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Friday, March 19, 2004

As for my take on Dawn of the Dead, I consider it the best zombie film since 1968.

Yeah, really.

No, it doesn't have the social satire of Romero's original, nor is it the gorefest that we saw in all three Romero flicks (as well as Peter Jackson's wonderfully funny Dead Alive). I don't care.

Nice as the social satire in the original was (for those who somehow missed it, Romero nicely compared zombies to shoppers), it was a point that was driven home. Making the same point in the remake would be a waste of everyone's money (and only Gus Van Sant is really misguided enough to think folks really want that out of horror remakes). And with the current state of the MPAA, I didn't expect as much gore. Believe it or not, a great horror film can still exist without gore (and plenty of bad ones rely on nothing else, alas).

What makes this work is that it's a genuine horror movie. As in, things that happen are horrifying. Not gross, not always scary, but truly horrible.

What we don't have: cat scares, for one. Not a single bloody one of them. There are also preciously few jump scares (simply using the element of surprise to scare the audience). Nor do we have people not realizing that their friend/lover/child is actually a zombie now and getting killed stupidly. And very few folks wander off alone when they shouldn't (the two instances of someone doing something really, horrifyingly stupid results in those people remaining alive, in fact, although neither are oblivious to how stupid they were).

What we get is an amazingly pervasive sense of dread. We get people slowly losing their sanity (in very different ways). We get characters you genuinely care about. And we get some great performances by folks like Ving Rhames, Sarah Polley, and Mekhi Phifer. That's on top of a witty script by James Gunn. Definitely worth seeing. I'll be posting some spoiler-laden comments next week, when more folks have had a chance to see it.


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I expected some critics to dislike Dawn of the Dead, either because it's horror, or because it's not the Romero film. But it's doing damned well at Rotten Tomatoes. One of the few dissenters, though, is Elvis Mitchell of the Times, normally one of the best critics out there when it comes to genre films. His review is so off that at first I assumed that they'd brought back Janet Maslin to reprise her famously irrelevant and clueless take on the original Romero film.
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Wednesday, March 10, 2004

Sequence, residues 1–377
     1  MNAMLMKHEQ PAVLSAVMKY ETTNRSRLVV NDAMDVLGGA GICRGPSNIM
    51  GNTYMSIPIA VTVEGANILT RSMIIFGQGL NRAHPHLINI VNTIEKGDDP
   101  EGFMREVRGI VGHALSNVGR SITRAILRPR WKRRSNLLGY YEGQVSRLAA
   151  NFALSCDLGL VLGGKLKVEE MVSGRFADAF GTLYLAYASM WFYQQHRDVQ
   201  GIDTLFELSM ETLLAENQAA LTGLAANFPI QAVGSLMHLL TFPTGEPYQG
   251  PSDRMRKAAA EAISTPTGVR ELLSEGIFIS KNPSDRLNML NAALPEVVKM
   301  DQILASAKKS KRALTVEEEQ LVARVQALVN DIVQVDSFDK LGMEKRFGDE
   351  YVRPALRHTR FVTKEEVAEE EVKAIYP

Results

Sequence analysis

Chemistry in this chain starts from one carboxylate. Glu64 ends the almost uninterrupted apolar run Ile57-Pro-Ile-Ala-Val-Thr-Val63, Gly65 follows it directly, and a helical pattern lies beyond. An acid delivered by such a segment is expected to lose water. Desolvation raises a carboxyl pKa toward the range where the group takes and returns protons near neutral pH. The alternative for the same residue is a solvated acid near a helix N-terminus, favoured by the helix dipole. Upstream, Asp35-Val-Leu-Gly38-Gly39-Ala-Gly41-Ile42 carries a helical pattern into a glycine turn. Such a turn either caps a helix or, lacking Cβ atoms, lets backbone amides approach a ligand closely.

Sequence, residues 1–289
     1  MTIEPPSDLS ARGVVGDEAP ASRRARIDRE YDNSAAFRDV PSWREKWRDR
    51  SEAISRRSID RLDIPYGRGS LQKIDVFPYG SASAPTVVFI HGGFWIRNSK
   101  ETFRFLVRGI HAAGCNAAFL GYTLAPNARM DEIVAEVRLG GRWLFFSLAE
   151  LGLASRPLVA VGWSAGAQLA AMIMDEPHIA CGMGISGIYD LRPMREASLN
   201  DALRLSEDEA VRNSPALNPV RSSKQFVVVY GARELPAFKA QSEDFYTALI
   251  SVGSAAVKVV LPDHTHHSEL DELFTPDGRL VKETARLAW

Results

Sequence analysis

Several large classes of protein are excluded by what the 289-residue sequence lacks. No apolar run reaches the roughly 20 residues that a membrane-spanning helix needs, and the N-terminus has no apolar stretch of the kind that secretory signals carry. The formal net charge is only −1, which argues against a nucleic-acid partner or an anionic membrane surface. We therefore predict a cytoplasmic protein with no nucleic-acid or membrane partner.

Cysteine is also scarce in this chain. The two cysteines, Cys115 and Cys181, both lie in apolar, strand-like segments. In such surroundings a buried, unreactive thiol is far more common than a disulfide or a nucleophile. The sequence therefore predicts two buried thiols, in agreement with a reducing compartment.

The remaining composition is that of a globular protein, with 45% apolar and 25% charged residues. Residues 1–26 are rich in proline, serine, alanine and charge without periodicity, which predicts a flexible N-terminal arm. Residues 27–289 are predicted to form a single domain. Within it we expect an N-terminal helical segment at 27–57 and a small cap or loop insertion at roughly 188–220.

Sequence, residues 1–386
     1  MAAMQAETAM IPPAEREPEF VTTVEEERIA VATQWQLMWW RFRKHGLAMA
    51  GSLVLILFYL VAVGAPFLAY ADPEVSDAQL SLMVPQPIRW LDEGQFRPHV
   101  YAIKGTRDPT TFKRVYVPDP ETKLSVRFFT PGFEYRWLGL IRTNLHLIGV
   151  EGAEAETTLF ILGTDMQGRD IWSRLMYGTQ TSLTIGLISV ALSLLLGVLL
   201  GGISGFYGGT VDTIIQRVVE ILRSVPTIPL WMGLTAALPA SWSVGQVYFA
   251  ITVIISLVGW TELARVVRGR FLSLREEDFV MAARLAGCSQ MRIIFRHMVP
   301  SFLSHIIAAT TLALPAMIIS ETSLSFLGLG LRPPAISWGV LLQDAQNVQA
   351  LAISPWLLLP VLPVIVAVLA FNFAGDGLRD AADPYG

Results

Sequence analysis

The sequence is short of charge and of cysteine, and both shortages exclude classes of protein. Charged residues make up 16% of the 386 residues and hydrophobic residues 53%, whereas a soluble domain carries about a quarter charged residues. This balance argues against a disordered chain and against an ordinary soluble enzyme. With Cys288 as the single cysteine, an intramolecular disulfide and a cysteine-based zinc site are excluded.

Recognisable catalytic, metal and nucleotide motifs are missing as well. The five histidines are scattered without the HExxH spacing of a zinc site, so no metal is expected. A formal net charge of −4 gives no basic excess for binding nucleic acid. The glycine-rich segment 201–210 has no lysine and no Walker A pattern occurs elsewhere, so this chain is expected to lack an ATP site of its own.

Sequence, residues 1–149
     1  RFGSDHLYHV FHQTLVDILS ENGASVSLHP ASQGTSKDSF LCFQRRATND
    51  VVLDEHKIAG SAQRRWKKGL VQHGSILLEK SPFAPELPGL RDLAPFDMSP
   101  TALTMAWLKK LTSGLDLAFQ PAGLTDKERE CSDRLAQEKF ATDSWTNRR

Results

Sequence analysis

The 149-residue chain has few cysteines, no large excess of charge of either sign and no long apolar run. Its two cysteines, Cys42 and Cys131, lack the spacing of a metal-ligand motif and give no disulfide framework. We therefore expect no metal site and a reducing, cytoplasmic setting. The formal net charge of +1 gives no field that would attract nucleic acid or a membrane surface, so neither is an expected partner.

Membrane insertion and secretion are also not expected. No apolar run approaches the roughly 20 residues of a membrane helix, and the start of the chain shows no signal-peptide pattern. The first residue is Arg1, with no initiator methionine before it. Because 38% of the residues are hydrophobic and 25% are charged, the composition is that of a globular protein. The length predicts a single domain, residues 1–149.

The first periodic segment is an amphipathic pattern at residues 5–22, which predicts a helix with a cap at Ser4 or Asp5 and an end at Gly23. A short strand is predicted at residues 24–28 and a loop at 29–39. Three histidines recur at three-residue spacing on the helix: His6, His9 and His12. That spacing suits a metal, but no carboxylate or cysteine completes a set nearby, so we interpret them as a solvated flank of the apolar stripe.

Noted and award-winning horror author, Charles L. Grant, has been diagnosed with COPD (chronic obstructive pulmonary disease). As a result, and probably for the rest of his life, he will rely on bottled oxygen to live. Alas, Charles and his wife, Kathryn Ptacek, are without health insurance and their need is great.

A "Fresh Air" fund has been set up to accept donations which will be used to pay the staggering expenses of oxygen and other durable medical equipment required for his care and sustenance. If you can spare ANY amount, the donation would be appreciated.

There are 2 ways to contribute. Mail a check in any amount, made out to Kathryn Ptacek, to:

Fresh Air Fund
c/o Kathryn Ptacek
P. O. Box 97
Newton, NJ 07860-0097

or Paypal: katptacek@yahoo.com

(the above was originally posted at the HWA message boards, although I swiped the text from a posting at Shocklines).

For those not familiar was Grant's work, get to a bookstore (probably a used one, alas, since he doesn't seem to have a single book, not even one of his X-Files novels, that's available for immediate shipping at Amazon), and find any of the Shadows anthologies, which were truly groundbreaking horror collections. Or find any of his novels. And once you've read some of them, take a look at that Paypal address above and send some appreciation his way; it's not charity, it's a grass-roots royalty system for a great writer and editor.
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Apologies for the lack of updates -- I'm on a business trip (what, you thought this blog was how I made a living?), and chances to be online have been few and far between.

That said, my hotel's comp copy of USA Today is reporting that the USA network will be showing the first ten minutes of the upcoming Dawn of the Dead remake next Monday.

The bad news: It'll be showing them "sometime between 10 and 10:30 PM" (Eastern Time). The worse news? You'll have to watch Final Destination edited for TV to see it (and, really, even if the Dawn footage isn't edited for TV as well, how good could it be if it can be shown on basic cable?).

My advice? Wait four days and see it in theatres (or, as yours truly is planning, be at a screening of the whole movie while USA is showing their little preview).